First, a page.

Knight Foundation Announces Major Trust, Media And Democracy Initiative To Build A Stronger Future For Journalism

Sep 26, 2017

The John S. and James L. Knight Foundation announced a major initiative to support the role of strong, trusted journalism as essential to a healthy democracy. The initiative is anchored by the Knight Commission on Trust, Media and Democracy, a panel of thinkers and doers from diverse backgrounds committed to creating more informed and engaged communities. This nonpartisan commission will explore causes for the erosion of trust in democratic institutions, in particular the press. It will also identify new thinking and solutions around rebuilding trust.

The Knight Commission will be chaired by Jamie Woodson, executive chairman and CEO of Tennessee’s State Collaborative on Reforming Education, and Tony Marx, president of The New York Public Library, the largest public library in the nation and the most used library system in the world. It will be run by the Aspen Institute, with $2 million in support from Knight.

The initiative also includes the Knight Prototype Fund, which fosters accurate information in media and announced a new round of winners in June 2017, and Newsmatch, a partnership with Democracy Fund to support nonprofit news and investigative news outlets with matching grants during the end-of-year giving period; Newsmatch was initially launched by Knight in December 2016. Knight plans to build on the initiative further with the help of the commission and other partners.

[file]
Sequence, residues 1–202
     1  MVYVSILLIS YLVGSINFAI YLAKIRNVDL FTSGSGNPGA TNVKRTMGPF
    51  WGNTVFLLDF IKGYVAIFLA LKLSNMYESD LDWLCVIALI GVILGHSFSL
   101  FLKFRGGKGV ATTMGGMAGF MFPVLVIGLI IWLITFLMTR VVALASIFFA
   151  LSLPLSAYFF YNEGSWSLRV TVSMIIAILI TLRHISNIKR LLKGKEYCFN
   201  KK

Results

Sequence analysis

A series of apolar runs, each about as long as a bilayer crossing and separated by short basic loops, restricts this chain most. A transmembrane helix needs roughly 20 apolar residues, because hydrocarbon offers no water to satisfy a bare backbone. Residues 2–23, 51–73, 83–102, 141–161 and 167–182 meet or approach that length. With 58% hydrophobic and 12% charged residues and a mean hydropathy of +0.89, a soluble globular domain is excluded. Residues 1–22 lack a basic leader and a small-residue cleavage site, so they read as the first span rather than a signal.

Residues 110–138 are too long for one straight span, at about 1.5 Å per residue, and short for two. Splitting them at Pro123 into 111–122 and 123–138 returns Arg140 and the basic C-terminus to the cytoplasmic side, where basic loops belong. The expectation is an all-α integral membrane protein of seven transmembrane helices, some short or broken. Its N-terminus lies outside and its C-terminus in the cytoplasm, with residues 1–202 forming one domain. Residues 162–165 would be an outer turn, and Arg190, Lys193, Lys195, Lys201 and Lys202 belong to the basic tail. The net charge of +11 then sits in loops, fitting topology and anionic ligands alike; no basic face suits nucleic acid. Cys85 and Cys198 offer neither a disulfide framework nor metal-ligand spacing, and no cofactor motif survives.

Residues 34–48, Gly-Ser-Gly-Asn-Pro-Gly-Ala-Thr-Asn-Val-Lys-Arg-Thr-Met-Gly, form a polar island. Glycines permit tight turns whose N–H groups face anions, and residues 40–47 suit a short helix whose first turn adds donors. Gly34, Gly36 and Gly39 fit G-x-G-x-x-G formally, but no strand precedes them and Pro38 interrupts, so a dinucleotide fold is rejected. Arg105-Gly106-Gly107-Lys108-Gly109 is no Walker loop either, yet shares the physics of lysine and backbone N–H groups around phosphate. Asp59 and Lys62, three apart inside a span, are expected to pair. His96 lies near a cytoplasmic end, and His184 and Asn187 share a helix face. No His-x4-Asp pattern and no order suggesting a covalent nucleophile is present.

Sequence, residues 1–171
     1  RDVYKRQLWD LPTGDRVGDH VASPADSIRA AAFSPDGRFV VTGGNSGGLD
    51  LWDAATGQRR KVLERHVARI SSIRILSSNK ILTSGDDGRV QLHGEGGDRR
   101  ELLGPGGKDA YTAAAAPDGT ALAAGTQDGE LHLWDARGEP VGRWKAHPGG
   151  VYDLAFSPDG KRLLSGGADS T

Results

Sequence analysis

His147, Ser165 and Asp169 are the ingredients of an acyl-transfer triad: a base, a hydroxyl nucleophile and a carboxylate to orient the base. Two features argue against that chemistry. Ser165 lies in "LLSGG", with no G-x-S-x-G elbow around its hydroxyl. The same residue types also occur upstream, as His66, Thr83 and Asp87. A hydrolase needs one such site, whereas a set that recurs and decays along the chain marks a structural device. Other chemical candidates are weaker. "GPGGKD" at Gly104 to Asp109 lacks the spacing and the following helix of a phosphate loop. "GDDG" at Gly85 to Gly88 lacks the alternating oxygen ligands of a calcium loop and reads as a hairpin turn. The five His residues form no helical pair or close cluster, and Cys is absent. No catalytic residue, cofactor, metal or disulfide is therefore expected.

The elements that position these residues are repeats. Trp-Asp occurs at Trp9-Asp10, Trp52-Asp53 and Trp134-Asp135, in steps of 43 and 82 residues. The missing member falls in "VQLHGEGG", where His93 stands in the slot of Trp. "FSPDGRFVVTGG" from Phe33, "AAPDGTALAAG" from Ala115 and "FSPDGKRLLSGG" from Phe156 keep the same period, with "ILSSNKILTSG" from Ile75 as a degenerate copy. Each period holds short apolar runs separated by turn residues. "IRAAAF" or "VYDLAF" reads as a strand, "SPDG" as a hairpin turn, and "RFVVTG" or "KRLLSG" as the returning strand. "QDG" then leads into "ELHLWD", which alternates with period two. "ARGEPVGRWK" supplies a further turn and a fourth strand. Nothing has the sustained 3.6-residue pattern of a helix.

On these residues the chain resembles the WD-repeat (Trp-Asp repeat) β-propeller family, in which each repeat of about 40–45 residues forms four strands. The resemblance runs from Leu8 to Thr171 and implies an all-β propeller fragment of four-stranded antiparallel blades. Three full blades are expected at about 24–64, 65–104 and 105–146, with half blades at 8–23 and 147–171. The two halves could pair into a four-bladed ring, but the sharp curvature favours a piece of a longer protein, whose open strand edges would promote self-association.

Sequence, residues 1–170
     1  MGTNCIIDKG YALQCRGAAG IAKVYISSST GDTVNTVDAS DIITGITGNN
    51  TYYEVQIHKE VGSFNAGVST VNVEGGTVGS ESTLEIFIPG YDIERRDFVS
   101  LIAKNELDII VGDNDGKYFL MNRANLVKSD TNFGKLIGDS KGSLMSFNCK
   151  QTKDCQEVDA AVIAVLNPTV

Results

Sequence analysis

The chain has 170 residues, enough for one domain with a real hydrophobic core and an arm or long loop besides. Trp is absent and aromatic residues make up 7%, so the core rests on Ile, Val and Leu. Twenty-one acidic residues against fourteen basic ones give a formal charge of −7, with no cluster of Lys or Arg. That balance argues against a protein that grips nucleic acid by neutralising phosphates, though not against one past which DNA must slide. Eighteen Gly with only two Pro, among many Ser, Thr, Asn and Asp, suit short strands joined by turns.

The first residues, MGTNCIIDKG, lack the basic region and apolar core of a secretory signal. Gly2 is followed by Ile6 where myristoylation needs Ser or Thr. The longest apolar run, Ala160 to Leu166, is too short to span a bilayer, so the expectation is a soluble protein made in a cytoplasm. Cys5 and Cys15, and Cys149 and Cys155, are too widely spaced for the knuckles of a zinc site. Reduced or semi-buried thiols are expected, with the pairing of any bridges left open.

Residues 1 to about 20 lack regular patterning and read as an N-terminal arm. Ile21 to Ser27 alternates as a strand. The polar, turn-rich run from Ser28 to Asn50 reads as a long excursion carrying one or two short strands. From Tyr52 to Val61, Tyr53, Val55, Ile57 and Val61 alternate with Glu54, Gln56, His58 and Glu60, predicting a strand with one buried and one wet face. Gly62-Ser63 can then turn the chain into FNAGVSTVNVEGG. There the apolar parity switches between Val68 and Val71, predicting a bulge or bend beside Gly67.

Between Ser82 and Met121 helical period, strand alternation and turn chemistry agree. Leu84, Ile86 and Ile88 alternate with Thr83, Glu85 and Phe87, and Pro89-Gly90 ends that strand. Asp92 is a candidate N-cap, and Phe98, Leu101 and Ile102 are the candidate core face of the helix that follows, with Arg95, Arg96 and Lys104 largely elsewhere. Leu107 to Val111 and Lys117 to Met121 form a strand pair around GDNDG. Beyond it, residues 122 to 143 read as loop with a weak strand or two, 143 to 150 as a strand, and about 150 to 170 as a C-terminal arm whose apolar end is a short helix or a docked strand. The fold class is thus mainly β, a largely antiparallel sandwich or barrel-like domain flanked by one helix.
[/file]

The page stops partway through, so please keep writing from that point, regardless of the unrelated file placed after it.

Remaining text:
Combining big picture thinking with immediate action, the initiative also features more than $2.5 million in new funding to seven projects aimed at improving trust in news and building stronger connections between journalists and their audiences.

The projects include Cortico, Duke University Reporters’ Lab, President and Fellows of Harvard College, Associated Press, Reynolds Journalism Institute, Markkula Center for Applied Ethics, and Jefferson Center.

The first meeting of the Knight Commission on Trust, Media and Democracy will be held on Oct. 12 at New York Public Library; they will be meeting in locations across the country during the next year. Commissioners come from a range of backgrounds and expertise, and their work will last just over a year. Complementing the commission’s plan to engage the community in solution building, Ibargüen is in Detroit this week to engage with media professionals and community members on the future of local news.